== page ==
Bucky sees a painting of a clown with garish makeup that exaggerates a scar the clown has from having been cut ear to ear. He realizes this is much like the Dahlia's facial mutilations. His obsession piqued again, he follows Madeleine around at night. She has made herself up like the Dahlia, and begins to pick up strange servicemen for one-night stands in seedy places. She and Bucky rekindle their affair, causing Kay to leave. The city decides to tear down the last four letters of the "Hollywoodland" sign, and as the police clear the area, they find a hut with walls covered in dried blood. They call in Bucky, and he realizes that the hut, owned by Emmett Sprague, is where Georgie lived. This means that Georgie killed Elizabeth Short. Fingerprinting of the hut confirms this.

Bleichert goes to confront Madeleine and her father, and discovers them incestuously entwined on a bed. Madeline is Georgie's daughter, and Emmett mutilated Georgie when he found out. Georgie, a veteran of World War I, has a morbid fascination with dead things. Lee had also deduced who the killer was, but used the information to blackmail Emmett Sprague for $100,000, which facilitated his trip to Tijuana. Bucky kills Georgie for some measure of justice. He knows that turning them in would have had consequences for him because he suppressed evidence. He gradually realizes, based on the clown painting, that Ramona Sprague was also involved in the murder of Short, likely because of the woman's resemblance to Madeleine. Emmett, Madeleine, and Martha were all accomplices, as they each knew part of what had happened. Even Kay Lake played a part; she picked up the $100,000 for Lee.

Bucky is removed from the force. After he learns that Madeleine killed Lee in Tijuana, she is declared mentally ill by the court and institutionalized at the state hospital. Emmett and Ramona Sprague escape punishment. The novel ends with possible hope for Bucky's future as he and Kay reconcile and have a baby in Boston, Massachusetts. This is where Elizabeth Short was born.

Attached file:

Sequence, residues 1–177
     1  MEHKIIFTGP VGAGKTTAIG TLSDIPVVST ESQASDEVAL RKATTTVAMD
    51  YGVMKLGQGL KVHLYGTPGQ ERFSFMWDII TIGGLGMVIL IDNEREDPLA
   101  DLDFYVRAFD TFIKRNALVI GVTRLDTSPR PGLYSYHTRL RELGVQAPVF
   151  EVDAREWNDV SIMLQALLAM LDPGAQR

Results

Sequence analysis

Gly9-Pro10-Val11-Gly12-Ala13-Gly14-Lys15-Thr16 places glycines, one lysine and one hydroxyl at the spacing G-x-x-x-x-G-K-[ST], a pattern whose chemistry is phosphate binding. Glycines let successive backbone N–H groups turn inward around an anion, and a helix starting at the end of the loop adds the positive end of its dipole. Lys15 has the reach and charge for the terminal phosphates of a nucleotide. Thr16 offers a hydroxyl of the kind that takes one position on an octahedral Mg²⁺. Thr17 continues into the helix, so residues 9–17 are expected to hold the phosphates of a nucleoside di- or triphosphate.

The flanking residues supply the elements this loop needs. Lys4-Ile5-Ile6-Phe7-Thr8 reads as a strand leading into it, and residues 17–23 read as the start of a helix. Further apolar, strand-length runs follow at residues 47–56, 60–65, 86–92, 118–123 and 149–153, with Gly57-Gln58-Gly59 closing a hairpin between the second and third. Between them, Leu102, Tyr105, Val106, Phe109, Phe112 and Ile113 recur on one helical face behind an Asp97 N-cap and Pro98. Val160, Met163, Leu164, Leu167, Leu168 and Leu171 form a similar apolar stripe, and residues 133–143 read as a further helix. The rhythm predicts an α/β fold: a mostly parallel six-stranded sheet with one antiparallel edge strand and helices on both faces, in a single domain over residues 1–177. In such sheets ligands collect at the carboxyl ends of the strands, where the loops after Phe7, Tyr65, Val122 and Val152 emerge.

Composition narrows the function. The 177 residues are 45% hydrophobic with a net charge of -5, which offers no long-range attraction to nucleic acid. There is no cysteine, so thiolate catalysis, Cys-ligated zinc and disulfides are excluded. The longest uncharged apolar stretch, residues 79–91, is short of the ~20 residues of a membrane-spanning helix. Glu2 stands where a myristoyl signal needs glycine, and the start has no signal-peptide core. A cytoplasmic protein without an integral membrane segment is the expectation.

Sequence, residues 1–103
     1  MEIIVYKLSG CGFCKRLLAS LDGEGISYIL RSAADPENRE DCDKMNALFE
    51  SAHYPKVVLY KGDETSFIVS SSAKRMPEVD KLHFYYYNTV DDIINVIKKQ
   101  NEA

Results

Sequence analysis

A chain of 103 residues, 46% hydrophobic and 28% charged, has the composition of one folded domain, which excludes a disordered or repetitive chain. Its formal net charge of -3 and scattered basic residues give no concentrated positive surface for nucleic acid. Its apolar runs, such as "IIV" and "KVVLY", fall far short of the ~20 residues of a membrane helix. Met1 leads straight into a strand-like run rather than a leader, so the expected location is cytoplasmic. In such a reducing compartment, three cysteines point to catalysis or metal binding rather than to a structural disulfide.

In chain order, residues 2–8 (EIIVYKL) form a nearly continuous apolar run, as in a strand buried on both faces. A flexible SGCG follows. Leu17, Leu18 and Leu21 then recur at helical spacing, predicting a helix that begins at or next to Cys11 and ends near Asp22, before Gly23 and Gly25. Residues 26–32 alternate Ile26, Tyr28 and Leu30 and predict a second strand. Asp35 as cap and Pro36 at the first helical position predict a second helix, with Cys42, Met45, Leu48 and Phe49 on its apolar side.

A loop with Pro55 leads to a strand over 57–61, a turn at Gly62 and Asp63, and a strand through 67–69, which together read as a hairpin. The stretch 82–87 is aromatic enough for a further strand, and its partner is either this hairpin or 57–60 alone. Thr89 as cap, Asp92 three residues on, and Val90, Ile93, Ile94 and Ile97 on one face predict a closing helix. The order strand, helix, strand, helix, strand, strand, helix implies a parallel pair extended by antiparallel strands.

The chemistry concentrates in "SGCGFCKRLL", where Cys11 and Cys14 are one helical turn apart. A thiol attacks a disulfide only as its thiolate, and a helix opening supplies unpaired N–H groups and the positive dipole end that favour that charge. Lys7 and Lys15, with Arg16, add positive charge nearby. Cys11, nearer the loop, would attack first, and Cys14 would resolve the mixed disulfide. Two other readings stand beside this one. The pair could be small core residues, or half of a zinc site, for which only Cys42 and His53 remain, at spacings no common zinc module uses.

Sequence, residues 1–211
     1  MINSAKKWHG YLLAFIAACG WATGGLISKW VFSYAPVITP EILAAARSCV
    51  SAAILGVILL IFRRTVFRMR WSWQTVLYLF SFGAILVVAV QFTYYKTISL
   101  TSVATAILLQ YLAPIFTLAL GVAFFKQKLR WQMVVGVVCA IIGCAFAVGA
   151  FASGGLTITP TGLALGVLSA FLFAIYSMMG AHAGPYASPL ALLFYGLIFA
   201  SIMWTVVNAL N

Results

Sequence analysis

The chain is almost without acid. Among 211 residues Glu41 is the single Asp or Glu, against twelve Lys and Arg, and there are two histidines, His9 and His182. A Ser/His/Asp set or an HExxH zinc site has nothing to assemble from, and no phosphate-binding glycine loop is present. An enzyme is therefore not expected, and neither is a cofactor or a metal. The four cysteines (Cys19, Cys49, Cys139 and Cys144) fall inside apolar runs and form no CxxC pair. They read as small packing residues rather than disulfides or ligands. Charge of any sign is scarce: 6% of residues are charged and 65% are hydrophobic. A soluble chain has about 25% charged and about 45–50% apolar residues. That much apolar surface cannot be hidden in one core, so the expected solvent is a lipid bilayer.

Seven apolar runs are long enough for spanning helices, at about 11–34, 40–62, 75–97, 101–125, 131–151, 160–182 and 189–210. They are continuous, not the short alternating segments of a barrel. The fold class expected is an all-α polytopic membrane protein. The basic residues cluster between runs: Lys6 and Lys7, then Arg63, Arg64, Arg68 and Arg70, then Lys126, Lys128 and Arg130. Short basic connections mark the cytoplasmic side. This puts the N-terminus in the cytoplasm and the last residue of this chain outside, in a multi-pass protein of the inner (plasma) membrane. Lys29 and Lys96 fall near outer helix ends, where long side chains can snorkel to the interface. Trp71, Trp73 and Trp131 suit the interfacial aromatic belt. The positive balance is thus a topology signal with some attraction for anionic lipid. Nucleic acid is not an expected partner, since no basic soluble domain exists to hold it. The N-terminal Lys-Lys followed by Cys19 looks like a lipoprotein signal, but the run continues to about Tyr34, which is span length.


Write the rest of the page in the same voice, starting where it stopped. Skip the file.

The Black Dahlia was one of numerous neo-noir novels published in the late 1970s and 1980s. Ellroy was known as an author of crime fiction but this novel is considered to have gained him critical notice as a serious writer of literature.[1]

Ellroy wrote three other novels in what he termed the L.A. Quartet, a cycle of novels set in 1940s and 1950s Los Angeles. He portrays the city in this period as a hotbed of political corruption and depravity. The Quartet continues with The Big Nowhere, L.A. Confidential, and White Jazz.

Film adaptation[edit]

The Black Dahlia was adapted for a 2006 film of the same name by director Brian De Palma. Starring Scarlett Johansson, Josh Hartnett and Aaron Eckhart, it was a critical and commercial failure, with the consensus being that it had been poorly made and acted. It was criticized as sometimes appearing incoherent [1]. The latter fault may have been caused by De Palma's drastic editing of the finished product, which initially ran for three hours and he eventually cut down to two.


The Black Dahlia has several references to characters having been committed to Atascadero State Hospital, but this institution did not open until 1954. The character Madeleine is committed there (ch. 3-5), but the hospital's patient population was historically limited to men.

See also[edit]


  1. ^ a b Phillips, Keith (Dec 1, 2004). "James Ellroy". Onion A/V Club. 
  2. ^ Tibbetts, John C.; James M. Walsh (September 1999). Novels into Film: The Encyclopedia of Movies Adapted from Books. Checkmark Books. ISBN 0-8160-3961-5. 

External links[edit]